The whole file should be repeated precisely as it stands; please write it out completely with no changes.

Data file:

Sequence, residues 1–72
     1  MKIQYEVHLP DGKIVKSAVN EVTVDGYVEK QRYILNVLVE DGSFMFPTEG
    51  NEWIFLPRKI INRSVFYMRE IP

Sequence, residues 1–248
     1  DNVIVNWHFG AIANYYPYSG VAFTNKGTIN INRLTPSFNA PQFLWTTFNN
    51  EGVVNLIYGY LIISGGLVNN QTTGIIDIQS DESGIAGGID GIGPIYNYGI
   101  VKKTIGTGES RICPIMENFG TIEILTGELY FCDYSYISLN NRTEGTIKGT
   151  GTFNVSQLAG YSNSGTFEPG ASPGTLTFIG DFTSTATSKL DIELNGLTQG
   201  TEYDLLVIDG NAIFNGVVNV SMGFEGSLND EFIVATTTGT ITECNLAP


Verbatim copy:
Sequence, residues 1–72
     1  MKIQYEVHLP DGKIVKSAVN EVTVDGYVEK QRYILNVLVE DGSFMFPTEG
    51  NEWIFLPRKI INRSVFYMRE IP

Sequence, residues 1–248
     1  DNVIVNWHFG AIANYYPYSG VAFTNKGTIN INRLTPSFNA PQFLWTTFNN
    51  EGVVNLIYGY LIISGGLVNN QTTGIIDIQS DESGIAGGID GIGPIYNYGI
   101  VKKTIGTGES RICPIMENFG TIEILTGELY FCDYSYISLN NRTEGTIKGT
   151  GTFNVSQLAG YSNSGTFEPG ASPGTLTFIG DFTSTATSKL DIELNGLTQG
   201  TEYDLLVIDG NAIFNGVVNV SMGFEGSLND EFIVATTTGT ITECNLAP